Welcoming Autumn

I’m particularly happy to welcome Autumn this year, with its crisp breezes and the promise of adventure.  Autumn Leaves, painted by Sir John Everett Millais, is a wonderful example of the beauty I find in the season.  It is an impressive example of a Pre-Raphaelite twilight and Millais has captured an unmistakable Autumn glow.  His models included his sisters-in-law Alice and Sophie Gray, a Miss Smythe of Methven, and an unidentified local girl.

'Autumn Leaves', Sir John Everett Millais
‘Autumn Leaves’, Sir John Everett Millais


That it was highly appreciated by Mr. Ruskin may be gathered from the Academy Notes, 1856, in which he refers to it as “by much the most poetical work the painter has yet conceived; and also, so far as I know, the first instance of a perfectly painted twilight.  It is easy, as it is common, to give obscurity to twilight, but to give within its darkness is another matter; and though Giorgione might have come nearer the glow, he never gave the valley mist.  Note also the subtle difference between the purple of the long nearer range of hills and the blue of the distant peak.”  –The Life and Letters of Sir John Everett Millais

John Ruskin’s description of Autumn Leaves dates from 1856, and he should be lauded for writing so objectively about Millais’ work considering that it was not too long after Ruskin’s wife Effie left their marriage in order to marry Millais.  This dramatic affair is mentioned quite often when discussing scandalous relationships among the Pre-Raphaelites (see Pre-Raphaelite Marriages: Ruskin, Effie and Millais and Playing Ruskin’s Advocate).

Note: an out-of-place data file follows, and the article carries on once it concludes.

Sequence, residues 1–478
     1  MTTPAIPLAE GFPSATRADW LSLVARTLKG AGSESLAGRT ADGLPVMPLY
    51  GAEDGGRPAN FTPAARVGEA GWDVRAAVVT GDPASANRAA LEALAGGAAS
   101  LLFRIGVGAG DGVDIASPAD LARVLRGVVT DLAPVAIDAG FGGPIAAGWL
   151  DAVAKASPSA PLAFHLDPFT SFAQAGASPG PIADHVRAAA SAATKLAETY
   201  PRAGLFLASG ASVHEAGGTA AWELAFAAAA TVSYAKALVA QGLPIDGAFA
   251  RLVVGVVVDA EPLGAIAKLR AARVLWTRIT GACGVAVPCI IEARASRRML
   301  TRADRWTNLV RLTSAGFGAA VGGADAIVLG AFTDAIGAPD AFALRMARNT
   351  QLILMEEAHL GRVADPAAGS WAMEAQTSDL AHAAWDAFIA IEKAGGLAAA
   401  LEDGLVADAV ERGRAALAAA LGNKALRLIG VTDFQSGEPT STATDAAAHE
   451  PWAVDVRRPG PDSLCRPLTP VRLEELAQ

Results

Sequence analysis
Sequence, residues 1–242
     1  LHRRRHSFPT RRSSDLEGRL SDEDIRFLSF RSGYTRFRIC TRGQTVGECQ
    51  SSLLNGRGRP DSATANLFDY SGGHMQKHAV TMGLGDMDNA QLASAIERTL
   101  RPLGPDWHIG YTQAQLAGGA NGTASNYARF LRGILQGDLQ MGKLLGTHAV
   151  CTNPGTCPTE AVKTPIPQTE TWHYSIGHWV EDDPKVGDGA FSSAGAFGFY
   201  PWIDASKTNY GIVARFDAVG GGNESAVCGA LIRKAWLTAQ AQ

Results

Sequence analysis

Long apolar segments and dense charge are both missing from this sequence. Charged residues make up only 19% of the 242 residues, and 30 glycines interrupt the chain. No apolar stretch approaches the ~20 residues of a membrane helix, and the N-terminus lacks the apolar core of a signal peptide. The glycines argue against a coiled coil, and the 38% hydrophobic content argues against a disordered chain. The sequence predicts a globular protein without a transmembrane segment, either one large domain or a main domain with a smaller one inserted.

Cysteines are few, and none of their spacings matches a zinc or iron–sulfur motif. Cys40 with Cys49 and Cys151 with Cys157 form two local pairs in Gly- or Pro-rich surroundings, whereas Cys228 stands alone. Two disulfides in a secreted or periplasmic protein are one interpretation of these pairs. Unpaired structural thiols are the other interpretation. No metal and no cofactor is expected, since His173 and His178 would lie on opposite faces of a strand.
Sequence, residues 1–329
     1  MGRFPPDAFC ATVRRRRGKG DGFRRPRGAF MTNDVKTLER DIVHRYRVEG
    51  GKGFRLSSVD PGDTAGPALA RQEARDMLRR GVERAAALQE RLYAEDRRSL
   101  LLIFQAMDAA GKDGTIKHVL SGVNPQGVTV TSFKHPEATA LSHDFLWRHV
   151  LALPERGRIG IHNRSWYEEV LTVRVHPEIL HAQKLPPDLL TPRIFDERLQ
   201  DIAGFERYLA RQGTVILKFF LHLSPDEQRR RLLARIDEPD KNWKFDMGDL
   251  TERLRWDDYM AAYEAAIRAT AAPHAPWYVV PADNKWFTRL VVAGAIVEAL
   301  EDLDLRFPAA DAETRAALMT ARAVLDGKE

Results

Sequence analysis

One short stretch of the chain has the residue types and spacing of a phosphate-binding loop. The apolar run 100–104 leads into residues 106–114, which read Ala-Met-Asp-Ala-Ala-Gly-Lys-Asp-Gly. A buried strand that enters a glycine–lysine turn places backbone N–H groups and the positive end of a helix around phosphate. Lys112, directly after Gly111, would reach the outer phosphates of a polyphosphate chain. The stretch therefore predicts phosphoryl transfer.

After a few delays, Emma Thompson’s film about the Ruskin/Effie/Millais triangle is slated to be released in the UK in October.  The US release of Effie is reportedly in November.

Effie-Gray-posterOphelia, one of Millais’ most famous works, is an unexpected addition to the movie poster.  Unexpected in that his model was Elizabeth Siddal, not Effie.  Are Pre-Raphaelite women interchangeable?  Most certainly not. However, Ophelia is an image full of pathos and drama and is instantly recognizable as a Pre-Raphaelite work, so I assume these are the reasons why it was chosen.  By the way, you can read about Elizabeth Siddal’s chilling experience posing for Ophelia at LizzieSiddal.com.  Other related posts include Ophelia’s Flowers and the lure of water-women.

Pre-Raphaelites on the big screen?  Count me in.  I fully expect a few inaccuracies and mind-boggling dramatic license, but the cast includes many actors I enjoy and admire, so I’m prepared to appreciate the film and will review it here soon.  Don’t miss Kirsty Walker’s recent post about the film, in which she wonders why situations such as this demand a “victim” and a “culprit”.


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Obligatory photo of a cat.


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